Step into the woods. The wet ground – springy with moss – soaks your shoe. The soft-green needles of the spruce tree tickle the palm of your hand. Above, a chocolate shadow presses against the trunk. One wink reveals a boreal owl, daydreaming of voles and chickadees. Speckled summer sunlight catches a mound of dog-tongued lichen but misses a nearby wood frog. Shut your eyes and breathe deeply. A wild mix of skunk, damp mushrooms, and fragrant fir tingles your nose. Brush the mosquito from your ear and listen to the woodpecker’s staccato beat.
These are the cool, northern woods that encircle the world. To return the hug, we are learning to care for them, the largest forest left on Earth.
Around the world, people hear the haunting howls of a wolf pack and think of the wild northern forest. From prehistoric times, wolf lore has crept into people’s imaginations. Some fear wolves; others shoot them. But many understand and admire these intelligent carnivores.Crying Wolf?
Wolves don’t cry, they howl – to define territory, gather family, and warn intruders. Thrown to the Wolves?
Wolves are villains in stories. But you’re more likely to be struck by an asteroid than eaten by a wolf. Healthy wolves avoid people.Wolf Down Food?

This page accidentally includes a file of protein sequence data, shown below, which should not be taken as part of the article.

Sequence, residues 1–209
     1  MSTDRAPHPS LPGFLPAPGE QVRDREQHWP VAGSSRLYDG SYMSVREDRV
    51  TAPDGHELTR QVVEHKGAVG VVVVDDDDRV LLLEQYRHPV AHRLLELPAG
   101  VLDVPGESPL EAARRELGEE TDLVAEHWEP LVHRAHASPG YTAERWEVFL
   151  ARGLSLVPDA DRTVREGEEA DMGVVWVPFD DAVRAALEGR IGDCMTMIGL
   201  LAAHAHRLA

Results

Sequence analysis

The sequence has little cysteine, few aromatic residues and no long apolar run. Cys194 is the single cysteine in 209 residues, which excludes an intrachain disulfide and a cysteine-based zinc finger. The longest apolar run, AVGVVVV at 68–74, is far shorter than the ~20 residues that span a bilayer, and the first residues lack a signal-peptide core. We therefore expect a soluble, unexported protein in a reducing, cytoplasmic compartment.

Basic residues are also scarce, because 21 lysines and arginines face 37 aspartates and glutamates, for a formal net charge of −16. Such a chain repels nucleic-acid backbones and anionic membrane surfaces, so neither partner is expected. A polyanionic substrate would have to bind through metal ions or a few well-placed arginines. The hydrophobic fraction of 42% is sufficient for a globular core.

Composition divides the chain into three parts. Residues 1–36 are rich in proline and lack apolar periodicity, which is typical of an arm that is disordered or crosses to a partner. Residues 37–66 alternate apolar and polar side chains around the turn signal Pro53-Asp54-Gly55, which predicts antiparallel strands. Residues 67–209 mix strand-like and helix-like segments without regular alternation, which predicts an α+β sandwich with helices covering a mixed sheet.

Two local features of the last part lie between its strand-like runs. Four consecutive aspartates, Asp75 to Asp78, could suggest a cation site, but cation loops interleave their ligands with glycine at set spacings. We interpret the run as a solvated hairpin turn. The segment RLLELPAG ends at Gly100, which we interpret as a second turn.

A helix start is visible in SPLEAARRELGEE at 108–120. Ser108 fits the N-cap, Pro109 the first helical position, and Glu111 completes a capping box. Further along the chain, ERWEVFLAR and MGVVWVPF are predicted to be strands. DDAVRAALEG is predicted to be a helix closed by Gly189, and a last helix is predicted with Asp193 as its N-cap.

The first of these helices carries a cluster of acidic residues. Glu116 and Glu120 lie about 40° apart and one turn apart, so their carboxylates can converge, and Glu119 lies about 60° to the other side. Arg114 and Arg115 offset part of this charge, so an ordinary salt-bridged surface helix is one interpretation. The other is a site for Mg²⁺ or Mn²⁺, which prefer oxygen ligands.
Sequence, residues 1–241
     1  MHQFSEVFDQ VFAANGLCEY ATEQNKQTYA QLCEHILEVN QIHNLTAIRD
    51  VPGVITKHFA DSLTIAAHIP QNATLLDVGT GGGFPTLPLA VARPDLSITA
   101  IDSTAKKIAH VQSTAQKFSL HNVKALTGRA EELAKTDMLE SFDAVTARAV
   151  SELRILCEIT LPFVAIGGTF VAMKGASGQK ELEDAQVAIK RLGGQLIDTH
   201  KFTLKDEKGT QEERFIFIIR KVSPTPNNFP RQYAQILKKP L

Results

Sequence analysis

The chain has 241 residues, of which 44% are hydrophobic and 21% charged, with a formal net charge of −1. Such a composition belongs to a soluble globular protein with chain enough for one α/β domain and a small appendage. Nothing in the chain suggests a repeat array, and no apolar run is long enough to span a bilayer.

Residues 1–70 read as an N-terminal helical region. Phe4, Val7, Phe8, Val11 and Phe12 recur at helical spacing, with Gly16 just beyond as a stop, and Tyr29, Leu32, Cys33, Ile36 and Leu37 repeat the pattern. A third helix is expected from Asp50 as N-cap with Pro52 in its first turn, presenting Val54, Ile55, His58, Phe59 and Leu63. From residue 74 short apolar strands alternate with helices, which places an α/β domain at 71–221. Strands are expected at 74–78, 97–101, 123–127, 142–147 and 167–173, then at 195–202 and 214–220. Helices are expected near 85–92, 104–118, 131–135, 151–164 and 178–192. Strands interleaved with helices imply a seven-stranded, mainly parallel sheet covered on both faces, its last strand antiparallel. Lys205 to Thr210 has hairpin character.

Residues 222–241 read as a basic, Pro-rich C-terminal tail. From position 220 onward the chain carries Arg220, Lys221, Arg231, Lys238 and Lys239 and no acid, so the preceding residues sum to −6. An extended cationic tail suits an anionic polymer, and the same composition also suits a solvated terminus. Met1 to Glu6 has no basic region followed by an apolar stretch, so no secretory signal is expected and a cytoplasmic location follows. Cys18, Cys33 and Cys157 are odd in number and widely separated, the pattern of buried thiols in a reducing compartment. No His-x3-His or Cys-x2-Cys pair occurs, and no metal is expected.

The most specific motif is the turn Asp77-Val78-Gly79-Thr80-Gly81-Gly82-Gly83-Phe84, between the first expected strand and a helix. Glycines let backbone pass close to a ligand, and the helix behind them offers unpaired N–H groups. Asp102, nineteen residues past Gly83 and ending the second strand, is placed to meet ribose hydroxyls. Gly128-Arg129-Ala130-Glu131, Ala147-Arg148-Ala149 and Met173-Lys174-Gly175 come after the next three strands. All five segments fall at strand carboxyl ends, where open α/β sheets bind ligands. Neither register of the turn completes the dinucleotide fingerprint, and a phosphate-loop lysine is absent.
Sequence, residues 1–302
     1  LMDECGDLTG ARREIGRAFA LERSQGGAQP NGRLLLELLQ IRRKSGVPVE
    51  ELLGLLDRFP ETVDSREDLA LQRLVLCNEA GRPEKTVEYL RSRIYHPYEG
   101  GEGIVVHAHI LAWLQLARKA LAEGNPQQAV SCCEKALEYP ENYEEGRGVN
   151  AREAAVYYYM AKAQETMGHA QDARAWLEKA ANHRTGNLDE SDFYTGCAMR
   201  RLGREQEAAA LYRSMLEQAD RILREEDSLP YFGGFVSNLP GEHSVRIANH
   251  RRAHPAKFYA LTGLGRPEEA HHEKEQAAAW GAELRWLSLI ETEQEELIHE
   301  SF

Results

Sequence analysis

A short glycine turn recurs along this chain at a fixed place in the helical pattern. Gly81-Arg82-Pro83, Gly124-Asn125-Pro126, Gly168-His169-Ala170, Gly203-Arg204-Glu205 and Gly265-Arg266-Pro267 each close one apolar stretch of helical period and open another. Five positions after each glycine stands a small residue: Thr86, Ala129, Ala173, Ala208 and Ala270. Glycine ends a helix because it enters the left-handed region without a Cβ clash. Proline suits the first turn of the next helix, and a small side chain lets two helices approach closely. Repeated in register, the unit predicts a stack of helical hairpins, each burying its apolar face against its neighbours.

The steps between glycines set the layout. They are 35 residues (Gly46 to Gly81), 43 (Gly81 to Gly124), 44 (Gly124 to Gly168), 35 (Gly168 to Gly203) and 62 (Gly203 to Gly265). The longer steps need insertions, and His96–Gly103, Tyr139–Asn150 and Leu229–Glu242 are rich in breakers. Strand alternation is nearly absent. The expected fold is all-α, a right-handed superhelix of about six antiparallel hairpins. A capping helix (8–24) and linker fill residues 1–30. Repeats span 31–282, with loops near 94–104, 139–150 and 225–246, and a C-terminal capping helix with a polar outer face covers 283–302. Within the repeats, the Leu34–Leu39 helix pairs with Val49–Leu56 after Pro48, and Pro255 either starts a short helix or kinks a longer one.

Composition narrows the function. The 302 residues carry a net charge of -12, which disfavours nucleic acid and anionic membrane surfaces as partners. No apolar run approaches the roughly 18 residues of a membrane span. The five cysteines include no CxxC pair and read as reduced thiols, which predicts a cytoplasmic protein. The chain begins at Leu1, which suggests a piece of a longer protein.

Sharp teeth and strong jaws make powerful eating machines. A wolf meal is meat, and lots of it – up to 9 kg (20 pounds), about 80 hamburgers worth, at a time.
***WINTER IN THE WOODS
A still, bitter cold settles on the forest this January afternoon. The spruce trees stand rigid, resisting the occasional gust of wind. From its snow-covered branch, a red squirrel scolds a pine grosbeak as the bird snaps up the last frozen blueberry on a nearby bush. The temperature is well below zero and falling
In the north woods, temperatures stay below freezing for more than half the year. And the ground is often snow-covered from October until May. With everything frozen for so long, winter is also dry. Yet resident birds and animals survive the meanest of winters, as do the trees that shelter them. Northern trees actually prefer long, dry winters. Coniferous spruce, fir, pine, and larch have adapted to the harsh climate in special ways:
Conical shape: Heavy snow slides off conifers rather than weighing down and breaking branches.
Needles: Trees lose less water through thin, waxy needles than through leaves.